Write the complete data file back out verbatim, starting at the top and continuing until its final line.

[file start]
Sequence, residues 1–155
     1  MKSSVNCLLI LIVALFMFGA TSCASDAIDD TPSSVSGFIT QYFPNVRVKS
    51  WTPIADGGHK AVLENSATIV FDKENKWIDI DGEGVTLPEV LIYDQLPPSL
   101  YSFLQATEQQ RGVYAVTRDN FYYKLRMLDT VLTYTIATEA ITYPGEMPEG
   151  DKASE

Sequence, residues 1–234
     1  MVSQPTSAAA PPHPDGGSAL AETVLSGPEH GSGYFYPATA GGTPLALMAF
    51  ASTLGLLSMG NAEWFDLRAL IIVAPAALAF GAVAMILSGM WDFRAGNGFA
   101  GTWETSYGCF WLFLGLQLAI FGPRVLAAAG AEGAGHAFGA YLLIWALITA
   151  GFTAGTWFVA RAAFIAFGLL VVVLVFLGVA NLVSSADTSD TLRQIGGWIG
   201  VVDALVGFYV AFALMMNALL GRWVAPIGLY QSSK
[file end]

Sequence, residues 1–155
     1  MKSSVNCLLI LIVALFMFGA TSCASDAIDD TPSSVSGFIT QYFPNVRVKS
    51  WTPIADGGHK AVLENSATIV FDKENKWIDI DGEGVTLPEV LIYDQLPPSL
   101  YSFLQATEQQ RGVYAVTRDN FYYKLRMLDT VLTYTIATEA ITYPGEMPEG
   151  DKASE

Sequence, residues 1–234
     1  MVSQPTSAAA PPHPDGGSAL AETVLSGPEH GSGYFYPATA GGTPLALMAF
    51  ASTLGLLSMG NAEWFDLRAL IIVAPAALAF GAVAMILSGM WDFRAGNGFA
   101  GTWETSYGCF WLFLGLQLAI FGPRVLAAAG AEGAGHAFGA YLLIWALITA
   151  GFTAGTWFVA RAAFIAFGLL VVVLVFLGVA NLVSSADTSD TLRQIGGWIG
   201  VVDALVGFYV AFALMMNALL GRWVAPIGLY QSSK